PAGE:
(Reuters) - Greek lawmakers approved an omnibus bill late on Thursday, required by the country’s official lenders to conclude a crucial bailout review and release more aid to the debt-ridden country.
The legislation contains more austerity measures, including pension cuts and a higher tax burden that will go into effect in 2019-20 to ensure a primary budget surplus, excluding debt servicing outlays, of 3.5 percent of gross domestic product.
Athens needs the bailout funds to repay 7.5 billion euros ($8.35 billion) of debt maturing in July.
The bill also includes relief measures that will kick in only if fiscal targets are met. They include cuts in corporate and individual income tax rates, and reductions in other unpopular levies.
The following are the main measures in the bill:
- The income tax exemption is reduced to 5,600-5,700 euros from 8,600 euros to generate revenues of about 1.9 billion euros. The lower threshold will mean an increased tax burden of about 650 euros for taxpayers.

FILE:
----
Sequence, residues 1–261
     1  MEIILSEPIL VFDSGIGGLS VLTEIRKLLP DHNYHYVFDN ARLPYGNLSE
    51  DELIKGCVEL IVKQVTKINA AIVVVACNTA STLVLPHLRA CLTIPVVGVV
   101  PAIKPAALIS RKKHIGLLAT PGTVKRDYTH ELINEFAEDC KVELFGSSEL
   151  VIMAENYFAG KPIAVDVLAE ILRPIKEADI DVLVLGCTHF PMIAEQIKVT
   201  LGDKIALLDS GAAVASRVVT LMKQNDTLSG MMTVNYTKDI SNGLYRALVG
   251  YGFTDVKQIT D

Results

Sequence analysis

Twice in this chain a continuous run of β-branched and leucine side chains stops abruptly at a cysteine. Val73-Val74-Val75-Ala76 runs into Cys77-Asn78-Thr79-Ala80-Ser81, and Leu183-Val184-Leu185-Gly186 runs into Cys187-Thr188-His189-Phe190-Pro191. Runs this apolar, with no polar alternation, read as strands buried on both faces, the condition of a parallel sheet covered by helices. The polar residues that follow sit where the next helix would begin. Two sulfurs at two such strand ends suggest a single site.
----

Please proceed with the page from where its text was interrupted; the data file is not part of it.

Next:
- Up to 18 percent cuts in main and supplementary pensions and freezing of benefits thereafter until 2022. The cuts will result in savings of 2.3 billion euros.
- Sale of stakes in railways, Thessaloniki port, Athens International Airport, Hellenic Petroleum and real estate assets to generate targeted privatization revenue of 2.15 billion euros this year and 2.07 billion euros in 2018.
- Main electricity producer Public Power Corp (PPC) (DEHr.AT) must reduce its market share by 46 percentage points by the end of 2019 to reach a targeted 50 percent share.
Relief measures, contingent on meeting fiscal targets:
- Reduction of corporate tax rate to 26 percent from 29 percent.
- Ending a so-called solidarity tax for annual incomes up to 30,000 euros.
- Cut in the personal income tax rate to 20 percent from 22 percent.
- Slight reduction of the annual tax on real estate holding, provided it does not exceed 700 euros.
- Increased benefits for low income groups, including support for rental costs up to 1,000 euros annually, increased benefits for parents with children, subsidies for child care and lower costs for medicines.
Reporting by George Georgiopoulos and Lefteris Papadimas; Editing by Bill Trott